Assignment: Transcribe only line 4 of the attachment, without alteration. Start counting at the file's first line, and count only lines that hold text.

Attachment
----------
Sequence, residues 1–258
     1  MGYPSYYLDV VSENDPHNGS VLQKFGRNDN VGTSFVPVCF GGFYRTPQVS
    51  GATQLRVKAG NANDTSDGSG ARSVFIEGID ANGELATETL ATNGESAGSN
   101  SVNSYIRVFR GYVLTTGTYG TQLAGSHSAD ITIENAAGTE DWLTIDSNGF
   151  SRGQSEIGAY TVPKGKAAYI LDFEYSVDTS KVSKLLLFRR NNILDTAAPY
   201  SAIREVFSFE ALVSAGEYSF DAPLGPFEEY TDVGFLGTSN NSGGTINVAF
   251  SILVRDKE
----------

   101  SVNSYIRVFR GYVLTTGTYG TQLAGSHSAD ITIENAAGTE DWLTIDSNGF